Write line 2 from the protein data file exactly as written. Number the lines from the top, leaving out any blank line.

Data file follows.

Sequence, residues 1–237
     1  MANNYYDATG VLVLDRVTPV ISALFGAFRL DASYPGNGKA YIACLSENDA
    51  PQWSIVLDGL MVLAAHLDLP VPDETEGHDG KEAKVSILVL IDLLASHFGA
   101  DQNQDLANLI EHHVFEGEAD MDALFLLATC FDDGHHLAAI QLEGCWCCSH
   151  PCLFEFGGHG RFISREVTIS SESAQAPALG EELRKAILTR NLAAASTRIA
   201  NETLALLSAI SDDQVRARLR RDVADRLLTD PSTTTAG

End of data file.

     1  MANNYYDATG VLVLDRVTPV ISALFGAFRL DASYPGNGKA YIACLSENDA